Another thing you can try is buying food items in bulk. For each lunch, portion out how much need you need in reusable dishes, so you don’t have to settle for single-serve ones. However, if you’re set on buying food, look for takeaway lunch places that serve food in cardboard boxes rather than plastic to make after-meal recycling easier. Or consider buying your own reusable utensil set.
- Stay away from gum
Giving up a few habits like chewing gum are some other surprising ways of reducing plastic usage. Gum was originally made from natural tree rubber, but modern gums are made from synthetic rubber. Whenever you chew gum, you’re actually chewing on plastic. The little things often tend to pile up, and reducing gum consumption can matter quite a bit in the long run.
- Get yourself a reusable water bottle
One powerful reduce, reuse, and recycle fact is to prioritize reusable items. Using a reusable water bottle is a good example. Many disposable water bottles end up in the trash, so it helps to have your own container you can use multiple times.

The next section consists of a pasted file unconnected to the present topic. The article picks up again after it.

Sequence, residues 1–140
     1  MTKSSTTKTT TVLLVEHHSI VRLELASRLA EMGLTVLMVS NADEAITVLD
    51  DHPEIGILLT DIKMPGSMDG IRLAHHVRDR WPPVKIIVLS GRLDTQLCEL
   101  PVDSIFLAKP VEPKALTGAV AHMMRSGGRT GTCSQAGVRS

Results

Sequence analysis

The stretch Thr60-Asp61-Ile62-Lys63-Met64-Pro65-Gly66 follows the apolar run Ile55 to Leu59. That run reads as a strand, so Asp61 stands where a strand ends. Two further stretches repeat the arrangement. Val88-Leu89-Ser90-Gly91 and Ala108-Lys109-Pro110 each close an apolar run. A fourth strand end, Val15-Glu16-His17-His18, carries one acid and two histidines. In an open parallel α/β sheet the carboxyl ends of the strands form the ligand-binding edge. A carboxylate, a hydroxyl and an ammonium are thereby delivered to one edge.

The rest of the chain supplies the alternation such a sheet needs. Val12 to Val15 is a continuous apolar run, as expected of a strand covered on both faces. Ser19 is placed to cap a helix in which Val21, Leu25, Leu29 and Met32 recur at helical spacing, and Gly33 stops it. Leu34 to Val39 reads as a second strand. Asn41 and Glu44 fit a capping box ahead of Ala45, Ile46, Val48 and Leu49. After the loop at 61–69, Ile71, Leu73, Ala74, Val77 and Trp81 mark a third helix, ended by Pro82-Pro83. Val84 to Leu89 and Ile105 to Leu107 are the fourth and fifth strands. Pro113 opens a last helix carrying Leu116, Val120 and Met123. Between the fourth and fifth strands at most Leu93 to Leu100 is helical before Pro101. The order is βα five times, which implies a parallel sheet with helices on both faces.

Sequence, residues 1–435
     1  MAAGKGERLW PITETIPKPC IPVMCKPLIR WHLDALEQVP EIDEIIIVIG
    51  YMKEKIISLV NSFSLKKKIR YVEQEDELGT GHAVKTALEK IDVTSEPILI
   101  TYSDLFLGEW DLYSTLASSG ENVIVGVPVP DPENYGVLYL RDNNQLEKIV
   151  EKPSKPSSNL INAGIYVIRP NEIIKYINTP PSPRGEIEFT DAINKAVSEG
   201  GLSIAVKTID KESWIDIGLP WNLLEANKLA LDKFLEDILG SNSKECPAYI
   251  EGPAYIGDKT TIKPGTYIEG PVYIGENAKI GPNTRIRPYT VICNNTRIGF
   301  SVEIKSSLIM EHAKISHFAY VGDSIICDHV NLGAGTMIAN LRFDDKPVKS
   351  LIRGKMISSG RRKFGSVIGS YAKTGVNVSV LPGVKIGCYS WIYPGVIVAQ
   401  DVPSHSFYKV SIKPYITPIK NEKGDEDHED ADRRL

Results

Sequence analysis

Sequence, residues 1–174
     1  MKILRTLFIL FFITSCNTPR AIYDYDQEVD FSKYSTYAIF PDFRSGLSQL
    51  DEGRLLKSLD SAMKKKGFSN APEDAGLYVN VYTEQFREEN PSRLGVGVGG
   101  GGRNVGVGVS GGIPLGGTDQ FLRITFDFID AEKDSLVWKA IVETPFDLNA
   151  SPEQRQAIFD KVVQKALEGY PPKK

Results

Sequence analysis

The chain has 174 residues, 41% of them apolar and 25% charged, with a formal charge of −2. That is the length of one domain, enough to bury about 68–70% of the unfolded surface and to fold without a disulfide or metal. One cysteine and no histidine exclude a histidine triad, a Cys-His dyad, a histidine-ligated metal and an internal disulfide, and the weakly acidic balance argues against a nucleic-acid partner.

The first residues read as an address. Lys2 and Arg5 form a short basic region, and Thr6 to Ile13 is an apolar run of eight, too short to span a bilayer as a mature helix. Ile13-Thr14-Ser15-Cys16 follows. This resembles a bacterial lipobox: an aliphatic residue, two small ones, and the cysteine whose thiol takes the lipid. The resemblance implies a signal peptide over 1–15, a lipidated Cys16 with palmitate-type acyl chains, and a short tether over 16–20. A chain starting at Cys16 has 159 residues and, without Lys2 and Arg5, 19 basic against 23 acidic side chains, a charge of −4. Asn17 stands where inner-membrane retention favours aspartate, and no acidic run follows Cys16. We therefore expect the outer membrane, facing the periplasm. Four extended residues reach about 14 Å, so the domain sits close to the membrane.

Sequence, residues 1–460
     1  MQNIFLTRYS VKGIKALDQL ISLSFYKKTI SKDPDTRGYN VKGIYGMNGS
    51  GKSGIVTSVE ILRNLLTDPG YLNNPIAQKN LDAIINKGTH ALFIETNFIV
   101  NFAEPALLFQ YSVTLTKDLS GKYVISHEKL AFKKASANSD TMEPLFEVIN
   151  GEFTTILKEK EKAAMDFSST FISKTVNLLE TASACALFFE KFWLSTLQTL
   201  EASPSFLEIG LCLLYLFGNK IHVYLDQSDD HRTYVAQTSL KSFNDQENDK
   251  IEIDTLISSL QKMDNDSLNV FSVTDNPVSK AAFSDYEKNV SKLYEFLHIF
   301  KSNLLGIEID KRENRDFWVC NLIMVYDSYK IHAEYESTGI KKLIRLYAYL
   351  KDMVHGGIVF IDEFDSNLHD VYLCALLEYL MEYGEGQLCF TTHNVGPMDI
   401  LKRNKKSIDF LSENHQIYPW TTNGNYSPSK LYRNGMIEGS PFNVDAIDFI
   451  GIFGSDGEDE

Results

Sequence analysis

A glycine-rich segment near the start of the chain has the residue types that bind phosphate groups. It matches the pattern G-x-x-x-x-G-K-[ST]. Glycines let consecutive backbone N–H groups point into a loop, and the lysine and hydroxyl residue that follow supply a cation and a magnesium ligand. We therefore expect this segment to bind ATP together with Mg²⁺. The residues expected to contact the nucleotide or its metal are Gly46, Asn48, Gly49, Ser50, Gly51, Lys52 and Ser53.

Every year, 17 million barrels of oil are used to create 50 billion disposable water bottles. Imagine the impact you can make by incorporating this switch.
Reusable bottles and travel mugs are easy to find and are highly portable. In addition, places like coffee shops offer discounts if you use your thermos or mug when ordering. Having your container means you can make your drinks at home, saving you the need to purchase plastic packets for your favourite beverages.
- Avoid plastic straws
If you are not disabled or need straws for medical reasons, eliminating straws from your everyday routine adds up over time. The next time you order beverages, inform your server you don’t intend to use a straw to ensure you stick to your commitment by bringing your own.